Religion in the Soviet Union

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When the Soviet Union was established by the Bolsheviks in 1922, it was the constitutional organisation which took over from the Russian Empire. At the time of the 1917 Revolution, the Russian Orthodox Church was deeply integrated into the autocratic state enjoying official status. This was a significant factor that contributed to the Bolshevik attitude to religion and the steps they took to control it.[1] Thus the USSR became the first state to have, as an ideological objective, the elimination of religion[2] and its replacement with universal atheism.[3][4] The communist regime confiscated religious property, ridiculed religion, harassed believers, and propagated atheism in schools.[5] The confiscation of religious assets was often based on accusations of illegal accumulation of wealth.

The vast majority of people in the Russian empire were, at the time of the revolution, religious believers, whereas the communists aimed to break the power of all religious institutions and eventually replace religious belief with atheism. "Science" was counterposed to "religious superstition" in the media and in academic writing. The main religions of pre-revolutionary Russia persisted throughout the entire Soviet period, but they were only tolerated within certain limits. Generally, this meant that believers were free to worship in private and in their respective religious buildings (churches, mosques, etc.), but public displays of religion outside of such designated areas were prohibited. In addition, religious institutions were not allowed to express their views in any type of mass media, and many religious buildings were demolished or used for other purposes.[citation needed]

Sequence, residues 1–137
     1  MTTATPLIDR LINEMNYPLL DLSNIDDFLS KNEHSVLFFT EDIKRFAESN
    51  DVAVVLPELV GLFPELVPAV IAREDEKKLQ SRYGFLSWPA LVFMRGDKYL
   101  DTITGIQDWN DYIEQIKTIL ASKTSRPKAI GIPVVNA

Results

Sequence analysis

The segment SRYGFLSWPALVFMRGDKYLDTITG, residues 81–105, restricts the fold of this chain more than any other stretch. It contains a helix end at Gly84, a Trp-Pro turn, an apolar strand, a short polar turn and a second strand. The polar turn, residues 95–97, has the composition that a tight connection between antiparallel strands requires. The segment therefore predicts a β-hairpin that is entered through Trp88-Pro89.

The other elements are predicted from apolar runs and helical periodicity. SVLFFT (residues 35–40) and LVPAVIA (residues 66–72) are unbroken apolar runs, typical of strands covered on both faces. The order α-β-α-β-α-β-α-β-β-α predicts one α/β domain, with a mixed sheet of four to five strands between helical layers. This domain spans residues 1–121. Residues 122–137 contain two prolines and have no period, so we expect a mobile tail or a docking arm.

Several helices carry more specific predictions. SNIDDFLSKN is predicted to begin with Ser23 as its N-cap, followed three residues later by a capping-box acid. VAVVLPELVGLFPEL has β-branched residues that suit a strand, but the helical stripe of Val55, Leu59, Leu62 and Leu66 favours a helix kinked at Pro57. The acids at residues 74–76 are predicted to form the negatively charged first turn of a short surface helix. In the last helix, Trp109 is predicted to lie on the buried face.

State atheism in the Soviet Union was known as gosateizm,[2] and was based on the ideology of Marxism–Leninism. As the founder of the Soviet state, V. I. Lenin, put it:

Religion is the opium of the people: this saying of Marx is the cornerstone of the entire ideology of Marxism about religion. All modern religions and churches, all and of every kind of religious organizations are always considered by Marxism as the organs of bourgeois reaction, used for the protection of the exploitation and the stupefaction of the working class.[6]

Marxist–Leninist atheism has consistently advocated the control, suppression, and elimination of religion. Within about a year of the revolution, the state expropriated all church property, including the churches themselves, and in the period from 1922 to 1926, 28 Russian Orthodox bishops and more than 1,200 priests were killed. Many more were persecuted.[7]